Klawer’s African Ruby Gem

The whole of the country seems to be in the thick of winter and the Olifants River did not escape either. I suspect it is this drop in temperature that has me thinking of warmer times. One such time was just last month at the Good Food and Wine Show in the CTICC. (Some perspective for those of you who have not had the time to read Cecilia‘s earlier posts: Klawer is providing a home for Cecilia, while I make wine at their Trawal premises.)

 For four days, from 26 to 29 May, the who’s who of the culinary world, and to a lesser extent the wine world, invaded Cape Town’s International Convention Centre. Visitors could warm themselves with anything from a spicy schwarma to a sweet jerepigo.

My turn to help Blom, our sales representative, came on the Saturday of the show. We continually poured tasting sips from the time that I arrived around 12 o’clock until I left at 6 pm.

Prior to the show I was involved in one or two debates on whether to participate in shows like these or not. Luckily the wine industry consists of so many different players, that even if some do not see a benefit in attending a specific event, there will be many others who will experience the opposite to be true for their business.  Klawer witnessed an increase in revenue of approximately 20% on last year’s show. If one adds to this that there was no price increase on the wines, I would think it safe to say that the show has been a positive event for the cellar.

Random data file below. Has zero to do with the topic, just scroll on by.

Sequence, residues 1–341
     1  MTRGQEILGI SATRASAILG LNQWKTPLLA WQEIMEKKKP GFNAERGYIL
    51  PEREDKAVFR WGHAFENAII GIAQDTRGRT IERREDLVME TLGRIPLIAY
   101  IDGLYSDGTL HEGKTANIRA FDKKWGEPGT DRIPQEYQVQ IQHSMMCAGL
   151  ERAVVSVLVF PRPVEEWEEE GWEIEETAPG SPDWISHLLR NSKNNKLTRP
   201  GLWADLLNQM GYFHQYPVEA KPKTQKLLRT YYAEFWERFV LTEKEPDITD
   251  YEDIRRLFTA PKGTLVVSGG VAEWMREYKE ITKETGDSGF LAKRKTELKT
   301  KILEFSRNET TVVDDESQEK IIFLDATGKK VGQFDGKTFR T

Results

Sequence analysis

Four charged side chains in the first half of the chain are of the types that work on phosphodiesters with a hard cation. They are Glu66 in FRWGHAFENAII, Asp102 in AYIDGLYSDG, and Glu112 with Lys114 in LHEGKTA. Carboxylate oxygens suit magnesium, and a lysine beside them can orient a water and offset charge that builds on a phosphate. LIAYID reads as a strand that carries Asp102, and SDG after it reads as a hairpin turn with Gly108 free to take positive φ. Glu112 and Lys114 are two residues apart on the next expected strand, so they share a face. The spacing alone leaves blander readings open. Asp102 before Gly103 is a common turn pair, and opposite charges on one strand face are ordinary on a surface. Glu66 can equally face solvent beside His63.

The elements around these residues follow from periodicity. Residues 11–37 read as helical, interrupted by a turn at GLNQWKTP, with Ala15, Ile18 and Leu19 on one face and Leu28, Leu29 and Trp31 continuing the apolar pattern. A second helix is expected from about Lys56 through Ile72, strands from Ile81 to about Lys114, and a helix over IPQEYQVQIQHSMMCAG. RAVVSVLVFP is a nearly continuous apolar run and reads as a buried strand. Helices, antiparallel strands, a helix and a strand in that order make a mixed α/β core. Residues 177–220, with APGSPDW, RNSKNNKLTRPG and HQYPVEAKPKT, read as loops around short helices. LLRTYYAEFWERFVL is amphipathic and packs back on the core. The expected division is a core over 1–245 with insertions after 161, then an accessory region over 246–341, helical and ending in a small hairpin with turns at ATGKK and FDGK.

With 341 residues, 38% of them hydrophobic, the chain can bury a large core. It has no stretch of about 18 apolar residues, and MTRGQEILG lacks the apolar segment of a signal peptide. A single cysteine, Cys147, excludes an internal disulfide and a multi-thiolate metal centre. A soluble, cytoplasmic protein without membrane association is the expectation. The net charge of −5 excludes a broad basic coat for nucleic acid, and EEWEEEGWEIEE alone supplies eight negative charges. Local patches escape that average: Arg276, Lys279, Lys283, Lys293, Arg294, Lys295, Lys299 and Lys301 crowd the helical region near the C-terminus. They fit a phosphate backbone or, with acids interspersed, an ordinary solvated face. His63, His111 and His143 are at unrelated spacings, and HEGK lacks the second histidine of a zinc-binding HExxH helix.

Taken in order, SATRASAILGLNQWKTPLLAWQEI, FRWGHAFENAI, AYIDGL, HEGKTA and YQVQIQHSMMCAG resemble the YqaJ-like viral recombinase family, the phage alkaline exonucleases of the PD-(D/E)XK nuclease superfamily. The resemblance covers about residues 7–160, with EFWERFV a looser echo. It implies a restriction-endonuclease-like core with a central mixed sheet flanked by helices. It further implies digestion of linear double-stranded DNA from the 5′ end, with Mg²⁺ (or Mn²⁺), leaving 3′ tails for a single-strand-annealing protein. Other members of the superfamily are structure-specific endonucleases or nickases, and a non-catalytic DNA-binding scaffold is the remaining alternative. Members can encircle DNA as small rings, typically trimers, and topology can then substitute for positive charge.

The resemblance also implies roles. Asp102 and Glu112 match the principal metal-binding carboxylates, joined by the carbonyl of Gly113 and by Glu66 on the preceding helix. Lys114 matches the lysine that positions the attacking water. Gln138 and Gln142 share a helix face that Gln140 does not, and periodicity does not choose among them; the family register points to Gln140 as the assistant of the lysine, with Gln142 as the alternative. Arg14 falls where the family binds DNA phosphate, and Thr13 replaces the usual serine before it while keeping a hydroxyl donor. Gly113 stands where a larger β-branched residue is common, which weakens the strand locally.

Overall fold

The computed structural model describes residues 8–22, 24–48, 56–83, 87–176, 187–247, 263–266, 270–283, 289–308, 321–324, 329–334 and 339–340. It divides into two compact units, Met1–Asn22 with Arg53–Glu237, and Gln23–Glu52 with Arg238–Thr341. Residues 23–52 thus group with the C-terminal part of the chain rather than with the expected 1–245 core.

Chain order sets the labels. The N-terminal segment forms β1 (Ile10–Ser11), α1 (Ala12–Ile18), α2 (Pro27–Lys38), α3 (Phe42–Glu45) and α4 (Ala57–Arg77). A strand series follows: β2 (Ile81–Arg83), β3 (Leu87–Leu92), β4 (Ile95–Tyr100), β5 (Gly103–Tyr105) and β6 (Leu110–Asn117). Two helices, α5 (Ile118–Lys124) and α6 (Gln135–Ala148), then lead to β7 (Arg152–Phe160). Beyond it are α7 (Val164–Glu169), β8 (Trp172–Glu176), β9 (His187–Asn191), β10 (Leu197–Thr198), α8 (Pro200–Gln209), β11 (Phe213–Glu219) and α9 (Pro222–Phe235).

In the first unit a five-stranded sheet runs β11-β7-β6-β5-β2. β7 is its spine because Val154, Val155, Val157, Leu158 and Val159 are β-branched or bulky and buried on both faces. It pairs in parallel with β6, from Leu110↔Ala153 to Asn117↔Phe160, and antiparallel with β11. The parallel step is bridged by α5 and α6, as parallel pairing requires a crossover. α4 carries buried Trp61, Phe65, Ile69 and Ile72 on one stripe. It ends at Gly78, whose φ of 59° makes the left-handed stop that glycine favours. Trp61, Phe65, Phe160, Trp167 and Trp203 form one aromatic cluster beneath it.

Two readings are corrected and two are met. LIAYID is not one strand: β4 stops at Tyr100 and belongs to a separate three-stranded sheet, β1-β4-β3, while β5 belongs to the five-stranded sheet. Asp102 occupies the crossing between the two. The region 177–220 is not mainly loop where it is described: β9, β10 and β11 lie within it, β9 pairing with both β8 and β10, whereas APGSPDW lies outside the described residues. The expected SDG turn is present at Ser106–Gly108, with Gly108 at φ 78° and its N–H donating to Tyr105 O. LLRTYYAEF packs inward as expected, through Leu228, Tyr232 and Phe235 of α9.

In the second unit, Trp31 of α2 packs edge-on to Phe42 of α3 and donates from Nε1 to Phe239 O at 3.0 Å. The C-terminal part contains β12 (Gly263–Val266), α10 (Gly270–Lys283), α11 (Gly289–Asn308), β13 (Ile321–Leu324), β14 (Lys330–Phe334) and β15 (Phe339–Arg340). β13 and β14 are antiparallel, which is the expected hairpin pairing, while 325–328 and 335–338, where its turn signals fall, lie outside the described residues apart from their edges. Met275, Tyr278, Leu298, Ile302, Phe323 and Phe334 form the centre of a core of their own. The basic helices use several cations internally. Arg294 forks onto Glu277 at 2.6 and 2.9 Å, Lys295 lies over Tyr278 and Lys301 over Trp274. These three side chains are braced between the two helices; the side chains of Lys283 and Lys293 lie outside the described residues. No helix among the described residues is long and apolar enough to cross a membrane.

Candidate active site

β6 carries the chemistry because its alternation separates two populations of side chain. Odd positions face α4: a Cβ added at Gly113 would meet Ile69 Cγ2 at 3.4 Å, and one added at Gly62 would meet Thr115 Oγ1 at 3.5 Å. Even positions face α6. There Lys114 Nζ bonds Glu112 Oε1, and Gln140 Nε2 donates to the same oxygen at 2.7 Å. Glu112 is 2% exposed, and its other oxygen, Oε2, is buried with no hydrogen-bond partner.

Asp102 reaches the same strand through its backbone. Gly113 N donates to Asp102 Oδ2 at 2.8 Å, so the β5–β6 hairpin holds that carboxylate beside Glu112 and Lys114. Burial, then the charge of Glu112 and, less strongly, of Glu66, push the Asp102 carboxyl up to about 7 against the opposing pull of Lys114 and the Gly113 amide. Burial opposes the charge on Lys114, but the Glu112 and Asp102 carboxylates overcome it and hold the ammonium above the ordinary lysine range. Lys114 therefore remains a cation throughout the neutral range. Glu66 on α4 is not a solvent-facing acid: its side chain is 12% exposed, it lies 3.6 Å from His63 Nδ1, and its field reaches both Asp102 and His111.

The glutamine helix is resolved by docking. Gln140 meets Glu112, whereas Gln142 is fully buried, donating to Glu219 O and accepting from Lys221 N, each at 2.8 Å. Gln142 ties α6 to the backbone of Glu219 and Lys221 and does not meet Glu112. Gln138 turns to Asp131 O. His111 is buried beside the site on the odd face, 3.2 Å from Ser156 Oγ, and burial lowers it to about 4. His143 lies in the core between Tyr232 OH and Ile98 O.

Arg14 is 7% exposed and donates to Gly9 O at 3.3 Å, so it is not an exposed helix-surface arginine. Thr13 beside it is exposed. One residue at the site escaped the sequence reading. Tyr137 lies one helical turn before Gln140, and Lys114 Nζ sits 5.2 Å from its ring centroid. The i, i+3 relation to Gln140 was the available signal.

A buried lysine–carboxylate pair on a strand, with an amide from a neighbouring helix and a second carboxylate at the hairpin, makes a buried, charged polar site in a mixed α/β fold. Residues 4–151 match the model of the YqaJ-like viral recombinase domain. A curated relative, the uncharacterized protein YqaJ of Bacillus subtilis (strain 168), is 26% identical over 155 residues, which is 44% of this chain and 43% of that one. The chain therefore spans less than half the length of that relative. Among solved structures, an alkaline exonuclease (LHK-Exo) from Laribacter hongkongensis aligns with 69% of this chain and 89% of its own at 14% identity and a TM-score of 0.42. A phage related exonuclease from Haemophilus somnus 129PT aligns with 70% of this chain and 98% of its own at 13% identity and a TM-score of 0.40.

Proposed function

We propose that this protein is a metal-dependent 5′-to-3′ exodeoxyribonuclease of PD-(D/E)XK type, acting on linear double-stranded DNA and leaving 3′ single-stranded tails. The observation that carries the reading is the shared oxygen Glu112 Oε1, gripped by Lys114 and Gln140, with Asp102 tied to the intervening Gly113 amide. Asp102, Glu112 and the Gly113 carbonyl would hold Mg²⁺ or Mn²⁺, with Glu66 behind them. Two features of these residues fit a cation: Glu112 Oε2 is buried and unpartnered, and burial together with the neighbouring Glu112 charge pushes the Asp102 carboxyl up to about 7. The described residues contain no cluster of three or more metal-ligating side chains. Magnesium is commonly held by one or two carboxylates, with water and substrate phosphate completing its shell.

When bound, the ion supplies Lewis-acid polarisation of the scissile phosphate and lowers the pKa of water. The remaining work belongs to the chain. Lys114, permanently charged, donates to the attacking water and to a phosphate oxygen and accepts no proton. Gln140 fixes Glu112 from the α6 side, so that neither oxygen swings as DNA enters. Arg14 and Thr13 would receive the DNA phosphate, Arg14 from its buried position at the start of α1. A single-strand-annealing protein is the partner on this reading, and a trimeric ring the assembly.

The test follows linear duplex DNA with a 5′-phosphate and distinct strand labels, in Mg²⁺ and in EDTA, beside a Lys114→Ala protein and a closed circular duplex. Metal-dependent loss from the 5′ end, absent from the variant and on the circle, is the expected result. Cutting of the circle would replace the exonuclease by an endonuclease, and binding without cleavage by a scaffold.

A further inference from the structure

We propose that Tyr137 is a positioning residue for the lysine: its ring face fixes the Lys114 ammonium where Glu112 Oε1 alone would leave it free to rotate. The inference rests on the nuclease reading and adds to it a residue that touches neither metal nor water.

Some of the wines that were responsible for this success were the following:

Birdfield Michelle Rose sparkling was a firm favourite despite rumours that the rosé boom of recent years may be a thing of the past.

The lovers of serious red wines were happy to befriend Birdfield Cabernet Sauvignon 2008, while drinkers looking for a fruit driven, red needed to look no further than Birdfield Shiraz/Merlot 2009.

Birdfield Sauvignon Blanc remains a frequent choice on the white side, with the Viognier satisfying customers looking for something different.

The show stopper, however, were the African Ruby Vermouth. “Ver – what?” I hear you ask. Don’t worry, I am ashamed to admit that I did not know much about Vermouth before my arrival at Klawer 18 months ago. A quick visit to good old Google reveals that it is a fortified wine flavoured with al kinds of ingredients and has been around since the late 1800’s.

Klawer’s African Ruby Vermouth, that had people returning to the stand time and time again, consists of fortified Red Muscadel infused with Rooibos Tea and Buchu. It has become a sure favourite amongst the public, judging by the constant stream of requests during the course of the afternoon. The subtle hints of Rooibos, accompanied by typical muscat aromas and delivered with a firm, sweet-alcohol finish, proved a good way to end this gastronomic excursion.

I left the scene to attend my dad’s birthday party, just as a new African Ruby enthusiast was saying to our General Manager: “You know, this is the best discovery of the day!”

All this talk makes me think it is time to put the African Ruby’s winter warming capabilities to the test on this ice cold June eve…!

Watch the video for a quick look at how Blom engaged with a couple of customers at a very busy CTICC.



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